Monday, August 14, 2017

Review: THE HOUSE AT 758 by Kathryn Berla

Rating: 3.5/5

This book features a coming-of-age story about Krista, whose mother recently died. She hasn't yet gotten over the death and is still burdened with grief every day. Krista deals with her grief by periodically visiting a house, the house at 758, which has a significant meaning to her. We spend half of the story trying to piece together the mystery surrounding that house and its inhabitants, although I guessed rather early on what her reasons were for continually going there. In the latter half of the story, we learn about Krista's grandfather, who has come to stay with her for a short time, and his years spent in camps during the Holocaust. We hear stories from his life, so although this is a contemporary book, there are bits and pieces of powerful 1940s historical fiction.

Krista's grandpa's story is more than just a war narrative, though: it's a passionate story focused on the time we have left on this earth and making the most of that time. That is ultimately what the whole book is about, and the grandpa's stories tie very well into that.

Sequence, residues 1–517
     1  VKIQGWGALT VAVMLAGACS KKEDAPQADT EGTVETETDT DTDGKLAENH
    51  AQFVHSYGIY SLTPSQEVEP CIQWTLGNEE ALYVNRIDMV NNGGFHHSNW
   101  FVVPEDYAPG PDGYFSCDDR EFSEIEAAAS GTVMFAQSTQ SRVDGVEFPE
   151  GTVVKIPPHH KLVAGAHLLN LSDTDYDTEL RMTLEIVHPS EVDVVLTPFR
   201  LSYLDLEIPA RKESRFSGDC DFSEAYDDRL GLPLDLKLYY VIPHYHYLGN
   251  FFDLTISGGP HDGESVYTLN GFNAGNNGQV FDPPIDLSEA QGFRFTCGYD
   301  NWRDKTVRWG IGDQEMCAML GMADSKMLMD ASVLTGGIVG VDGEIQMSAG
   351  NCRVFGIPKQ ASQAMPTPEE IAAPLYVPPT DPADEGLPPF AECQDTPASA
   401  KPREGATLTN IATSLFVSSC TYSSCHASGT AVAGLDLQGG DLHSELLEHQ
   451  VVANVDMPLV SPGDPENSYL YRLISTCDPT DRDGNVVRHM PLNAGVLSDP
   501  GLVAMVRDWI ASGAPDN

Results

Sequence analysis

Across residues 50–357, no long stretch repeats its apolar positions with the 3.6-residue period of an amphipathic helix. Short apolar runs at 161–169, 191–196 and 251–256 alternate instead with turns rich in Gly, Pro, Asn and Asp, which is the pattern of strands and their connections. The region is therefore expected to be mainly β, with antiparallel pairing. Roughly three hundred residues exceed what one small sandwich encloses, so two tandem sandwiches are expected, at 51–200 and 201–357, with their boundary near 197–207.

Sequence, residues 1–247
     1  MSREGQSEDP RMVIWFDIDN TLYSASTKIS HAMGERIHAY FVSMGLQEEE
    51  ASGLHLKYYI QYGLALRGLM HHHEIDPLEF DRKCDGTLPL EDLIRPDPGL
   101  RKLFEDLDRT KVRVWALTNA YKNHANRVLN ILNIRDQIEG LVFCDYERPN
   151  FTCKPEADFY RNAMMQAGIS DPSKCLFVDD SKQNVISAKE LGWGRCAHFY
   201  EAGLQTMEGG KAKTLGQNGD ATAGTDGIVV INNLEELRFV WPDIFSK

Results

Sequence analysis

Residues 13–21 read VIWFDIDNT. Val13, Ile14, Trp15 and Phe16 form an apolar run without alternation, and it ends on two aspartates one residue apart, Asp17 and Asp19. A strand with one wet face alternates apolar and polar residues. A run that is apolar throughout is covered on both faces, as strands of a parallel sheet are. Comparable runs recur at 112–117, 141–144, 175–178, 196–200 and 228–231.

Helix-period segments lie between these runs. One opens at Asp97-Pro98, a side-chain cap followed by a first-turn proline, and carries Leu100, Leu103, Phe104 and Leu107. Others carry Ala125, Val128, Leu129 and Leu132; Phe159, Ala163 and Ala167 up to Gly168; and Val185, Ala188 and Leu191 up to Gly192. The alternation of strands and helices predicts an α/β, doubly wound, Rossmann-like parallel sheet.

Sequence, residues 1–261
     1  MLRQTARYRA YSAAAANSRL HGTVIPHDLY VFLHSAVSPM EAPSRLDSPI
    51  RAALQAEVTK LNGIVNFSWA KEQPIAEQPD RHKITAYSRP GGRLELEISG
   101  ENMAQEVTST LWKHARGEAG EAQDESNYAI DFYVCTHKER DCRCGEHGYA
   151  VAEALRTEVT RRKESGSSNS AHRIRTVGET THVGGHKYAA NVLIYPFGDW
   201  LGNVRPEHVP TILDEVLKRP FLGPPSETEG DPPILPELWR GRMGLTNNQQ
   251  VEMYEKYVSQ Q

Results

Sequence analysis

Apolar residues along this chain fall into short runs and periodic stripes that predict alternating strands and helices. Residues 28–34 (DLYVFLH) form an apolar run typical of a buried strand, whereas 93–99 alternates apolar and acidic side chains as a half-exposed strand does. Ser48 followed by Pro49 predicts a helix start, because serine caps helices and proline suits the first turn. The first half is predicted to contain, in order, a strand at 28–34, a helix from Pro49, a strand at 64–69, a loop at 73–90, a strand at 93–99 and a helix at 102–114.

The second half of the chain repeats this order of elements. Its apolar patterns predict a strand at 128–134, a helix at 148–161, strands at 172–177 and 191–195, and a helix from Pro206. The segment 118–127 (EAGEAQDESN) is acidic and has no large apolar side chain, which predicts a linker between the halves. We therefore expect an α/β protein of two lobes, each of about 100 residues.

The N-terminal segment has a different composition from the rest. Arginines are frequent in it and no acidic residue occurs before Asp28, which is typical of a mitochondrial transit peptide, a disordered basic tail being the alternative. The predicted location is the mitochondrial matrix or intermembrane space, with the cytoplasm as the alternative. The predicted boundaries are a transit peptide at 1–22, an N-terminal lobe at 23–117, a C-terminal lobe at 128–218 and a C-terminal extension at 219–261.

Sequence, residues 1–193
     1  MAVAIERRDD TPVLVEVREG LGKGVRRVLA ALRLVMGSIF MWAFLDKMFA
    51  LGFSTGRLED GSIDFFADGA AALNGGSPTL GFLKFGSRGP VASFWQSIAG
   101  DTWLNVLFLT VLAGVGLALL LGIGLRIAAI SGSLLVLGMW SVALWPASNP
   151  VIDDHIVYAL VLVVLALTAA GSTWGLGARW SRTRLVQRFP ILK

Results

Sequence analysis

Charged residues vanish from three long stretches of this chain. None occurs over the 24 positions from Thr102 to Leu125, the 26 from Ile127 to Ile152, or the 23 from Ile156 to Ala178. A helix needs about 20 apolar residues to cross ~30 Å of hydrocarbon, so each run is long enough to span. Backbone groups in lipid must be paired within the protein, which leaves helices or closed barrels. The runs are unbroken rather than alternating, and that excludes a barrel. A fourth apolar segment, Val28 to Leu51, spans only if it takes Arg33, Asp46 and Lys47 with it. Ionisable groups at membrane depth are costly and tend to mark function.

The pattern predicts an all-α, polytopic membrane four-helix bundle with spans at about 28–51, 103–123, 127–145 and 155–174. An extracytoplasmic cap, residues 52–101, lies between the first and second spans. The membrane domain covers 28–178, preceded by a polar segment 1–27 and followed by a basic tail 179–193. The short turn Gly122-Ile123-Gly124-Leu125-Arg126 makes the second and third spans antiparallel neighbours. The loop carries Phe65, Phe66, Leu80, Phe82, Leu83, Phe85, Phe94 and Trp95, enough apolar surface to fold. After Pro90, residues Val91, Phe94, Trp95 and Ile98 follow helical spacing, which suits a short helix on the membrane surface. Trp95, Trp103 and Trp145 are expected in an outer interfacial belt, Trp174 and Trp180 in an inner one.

The main emphasis of this story is the importance of family. Although there is a mild romance in this contemporary novel, it is like the third or forth sub-plot, which I found to be refreshing. The romance was the only part that I found to be slightly unrealistic. It moved a little too fast, probably so it could fit into the short book, but I did appreciate that it remained a clean romance.

The House at 758 is a simple story, calm and relaxing, but powerful. It's about how one small moment in someone's life can make a lifelong impact in someone else's life. These important messages are delivered through Berla's lyrical prose that was easy to enjoy. Although a shorter read, this book doesn't lack in characterization or depth, for the most part.

I really like Krista as a protagonist, and I'm going to miss reading from her perspective now that the book is over. I related a lot to her, and it was comforting to read about her and her life.

"Hate doesn’t hurt the hated person . . . it only hurts the person who hates.”

Thank you to NetGalley for a copy of this book in exchange for an honest review. 

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